Although spring is one of my favorite seasons of the year, there is one aspect that I hate. Baseball. I can tolerate baseball on television. I can sit next to Cal and embroider, and we have painless husband-wife bonding time. But that’s not what I hate. What I hate is organized baseball teams. Okay, it’s not that exactly. I’m really glad that Jake is playing on a high school team—good exercise, male war bonding rituals, etc. What I hate is bleacher duty. Freezing my butt off in the stands during the early spring. (How can February be considered spring? It was two degrees above freezing this morning.) I hate marinating in my own sweat and serving as mosquito bait by early summer.
I’d hoped when little league was over that we were done with sports. Little league was its own exquisite torture. Besides three boys on three teams playing at three different locations at the same time, Luke also became an umpire at age 12 when he passed the umpiring exam. And because he was big for his age 6’1” and broad and, therefore, more physically intimidating, he was the behind-the-plate umpire, who got screamed at by parents and coaches alike. (This was New England and they scream at umpires. Yeah, that was fun for me, sitting in the stands and having to keep my mouth shut.) Oops, sorry for that digression.
Now before you think that I was one of those women who was never exposed to sports, who never played, I wasn’t. I played women’s softball. I was the catcher. (I think I was assigned the position because it was the spot where I could do the least damage.) And everything was fine, until there was a play at home base. I got on the bag, crouched, and readied my glove. As the ball came towards me, I caught a glimpse of the runner. She was a freight train. I was a skinny, stupid squirrel standing on the tracks, keeping her from softball glory. But I steeled my muscles and my resolve. I would catch that ball, and she would be out. My teammates were counting on me...Freight-train girl plowed right threw me. I ate dirt. And the idea of balls, gloves, and bats as a fun pastime was forever lost.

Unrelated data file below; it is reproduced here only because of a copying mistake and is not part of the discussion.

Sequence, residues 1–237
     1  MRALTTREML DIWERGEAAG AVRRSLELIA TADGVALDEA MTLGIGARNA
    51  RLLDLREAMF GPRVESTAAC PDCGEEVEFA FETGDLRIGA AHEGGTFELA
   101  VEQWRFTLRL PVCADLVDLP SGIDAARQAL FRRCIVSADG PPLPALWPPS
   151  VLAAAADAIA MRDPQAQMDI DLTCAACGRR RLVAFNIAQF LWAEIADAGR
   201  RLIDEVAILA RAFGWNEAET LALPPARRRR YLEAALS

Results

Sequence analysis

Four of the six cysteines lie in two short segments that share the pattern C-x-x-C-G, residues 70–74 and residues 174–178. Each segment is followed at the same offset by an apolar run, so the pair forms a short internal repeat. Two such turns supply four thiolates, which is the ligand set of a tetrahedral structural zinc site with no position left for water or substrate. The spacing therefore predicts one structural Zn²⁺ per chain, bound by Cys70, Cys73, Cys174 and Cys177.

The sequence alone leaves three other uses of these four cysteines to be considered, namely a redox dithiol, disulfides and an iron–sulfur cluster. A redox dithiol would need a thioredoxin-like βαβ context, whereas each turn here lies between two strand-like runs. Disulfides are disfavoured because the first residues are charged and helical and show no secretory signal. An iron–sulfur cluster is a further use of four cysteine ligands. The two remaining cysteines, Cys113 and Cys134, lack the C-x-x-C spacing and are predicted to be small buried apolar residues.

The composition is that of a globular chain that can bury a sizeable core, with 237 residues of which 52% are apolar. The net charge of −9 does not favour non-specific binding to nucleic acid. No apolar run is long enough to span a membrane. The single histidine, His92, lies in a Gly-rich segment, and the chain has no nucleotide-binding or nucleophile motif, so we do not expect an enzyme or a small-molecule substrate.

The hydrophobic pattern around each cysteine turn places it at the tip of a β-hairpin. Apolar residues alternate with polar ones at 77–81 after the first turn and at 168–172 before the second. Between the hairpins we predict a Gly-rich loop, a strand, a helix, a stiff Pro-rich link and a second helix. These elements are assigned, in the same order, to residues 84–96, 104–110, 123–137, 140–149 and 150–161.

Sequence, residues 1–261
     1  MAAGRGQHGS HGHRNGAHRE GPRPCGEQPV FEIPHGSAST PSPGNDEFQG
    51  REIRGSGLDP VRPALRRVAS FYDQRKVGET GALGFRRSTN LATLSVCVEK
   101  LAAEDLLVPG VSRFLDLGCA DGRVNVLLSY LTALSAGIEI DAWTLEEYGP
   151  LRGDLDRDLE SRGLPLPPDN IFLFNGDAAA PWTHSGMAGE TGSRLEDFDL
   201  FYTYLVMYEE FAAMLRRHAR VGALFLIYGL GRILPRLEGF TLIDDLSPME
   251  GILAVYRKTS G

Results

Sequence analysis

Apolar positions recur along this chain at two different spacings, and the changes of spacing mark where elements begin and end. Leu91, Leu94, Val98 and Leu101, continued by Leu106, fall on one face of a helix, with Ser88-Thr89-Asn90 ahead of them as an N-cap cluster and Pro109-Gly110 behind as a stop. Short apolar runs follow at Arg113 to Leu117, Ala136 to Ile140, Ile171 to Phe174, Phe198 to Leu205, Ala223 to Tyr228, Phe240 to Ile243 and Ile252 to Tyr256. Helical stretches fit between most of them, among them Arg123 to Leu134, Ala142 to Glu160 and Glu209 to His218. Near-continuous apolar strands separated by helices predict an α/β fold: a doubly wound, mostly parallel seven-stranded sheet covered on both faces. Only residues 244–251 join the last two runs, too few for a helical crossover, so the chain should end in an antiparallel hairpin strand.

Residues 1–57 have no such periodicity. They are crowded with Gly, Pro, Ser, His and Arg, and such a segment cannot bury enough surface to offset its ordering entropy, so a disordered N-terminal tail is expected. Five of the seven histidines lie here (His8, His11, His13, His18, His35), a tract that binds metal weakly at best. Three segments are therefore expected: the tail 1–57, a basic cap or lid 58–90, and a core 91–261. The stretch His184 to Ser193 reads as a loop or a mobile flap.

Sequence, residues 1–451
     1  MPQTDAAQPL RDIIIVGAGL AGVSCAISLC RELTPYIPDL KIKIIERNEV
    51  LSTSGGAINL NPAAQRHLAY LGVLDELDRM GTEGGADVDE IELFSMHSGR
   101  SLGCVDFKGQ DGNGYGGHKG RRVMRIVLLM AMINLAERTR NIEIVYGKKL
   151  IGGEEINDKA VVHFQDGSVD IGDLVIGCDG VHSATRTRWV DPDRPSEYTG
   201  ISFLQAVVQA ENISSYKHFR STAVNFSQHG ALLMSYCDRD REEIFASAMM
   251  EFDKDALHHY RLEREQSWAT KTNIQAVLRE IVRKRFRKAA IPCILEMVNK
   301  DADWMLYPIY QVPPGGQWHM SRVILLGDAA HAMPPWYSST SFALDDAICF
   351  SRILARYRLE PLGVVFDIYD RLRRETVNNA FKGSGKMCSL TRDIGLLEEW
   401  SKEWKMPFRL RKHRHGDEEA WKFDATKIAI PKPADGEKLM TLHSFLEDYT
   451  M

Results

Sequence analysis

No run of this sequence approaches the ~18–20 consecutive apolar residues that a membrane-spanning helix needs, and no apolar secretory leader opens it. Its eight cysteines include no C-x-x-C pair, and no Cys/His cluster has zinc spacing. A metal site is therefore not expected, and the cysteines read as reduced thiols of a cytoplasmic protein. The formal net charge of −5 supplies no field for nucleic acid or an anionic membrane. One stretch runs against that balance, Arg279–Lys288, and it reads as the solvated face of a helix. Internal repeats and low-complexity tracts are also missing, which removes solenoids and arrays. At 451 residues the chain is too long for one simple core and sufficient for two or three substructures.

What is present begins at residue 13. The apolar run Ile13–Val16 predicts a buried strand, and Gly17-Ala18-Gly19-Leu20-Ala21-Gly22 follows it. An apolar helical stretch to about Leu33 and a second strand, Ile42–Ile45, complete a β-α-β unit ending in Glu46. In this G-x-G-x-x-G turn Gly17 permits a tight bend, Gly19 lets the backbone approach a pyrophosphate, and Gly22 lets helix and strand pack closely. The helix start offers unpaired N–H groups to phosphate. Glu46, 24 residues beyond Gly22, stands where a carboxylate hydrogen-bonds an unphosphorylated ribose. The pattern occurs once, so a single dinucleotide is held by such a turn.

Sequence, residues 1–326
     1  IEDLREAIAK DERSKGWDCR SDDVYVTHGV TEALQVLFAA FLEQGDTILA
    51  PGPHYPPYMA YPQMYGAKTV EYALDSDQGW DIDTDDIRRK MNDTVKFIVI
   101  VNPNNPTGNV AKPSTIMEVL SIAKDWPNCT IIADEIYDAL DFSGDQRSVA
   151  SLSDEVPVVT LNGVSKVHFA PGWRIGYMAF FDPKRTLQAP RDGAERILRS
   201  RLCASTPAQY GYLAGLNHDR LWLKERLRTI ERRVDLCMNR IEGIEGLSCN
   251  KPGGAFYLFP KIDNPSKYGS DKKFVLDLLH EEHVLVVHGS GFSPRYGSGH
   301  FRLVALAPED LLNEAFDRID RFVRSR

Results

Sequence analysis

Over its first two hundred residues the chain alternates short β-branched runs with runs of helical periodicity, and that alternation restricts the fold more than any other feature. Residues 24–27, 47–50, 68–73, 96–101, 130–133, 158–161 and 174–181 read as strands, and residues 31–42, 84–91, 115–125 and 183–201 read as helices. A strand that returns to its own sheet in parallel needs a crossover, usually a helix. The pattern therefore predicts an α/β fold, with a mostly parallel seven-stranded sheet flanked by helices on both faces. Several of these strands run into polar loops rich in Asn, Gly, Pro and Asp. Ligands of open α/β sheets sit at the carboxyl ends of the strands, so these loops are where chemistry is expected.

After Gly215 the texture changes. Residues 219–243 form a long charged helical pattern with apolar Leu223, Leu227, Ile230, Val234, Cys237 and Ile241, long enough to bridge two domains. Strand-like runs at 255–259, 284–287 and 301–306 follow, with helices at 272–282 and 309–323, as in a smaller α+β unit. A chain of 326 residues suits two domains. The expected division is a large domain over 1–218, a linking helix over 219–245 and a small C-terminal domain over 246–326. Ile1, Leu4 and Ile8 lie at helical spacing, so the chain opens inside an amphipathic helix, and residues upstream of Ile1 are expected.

Yeah, so baseball has started. Jacob is excited. Let the games begin. I’ll be that mom in the stands cheering the team and yelling, “Go, Jacob. Run over the catcher! You can do it.”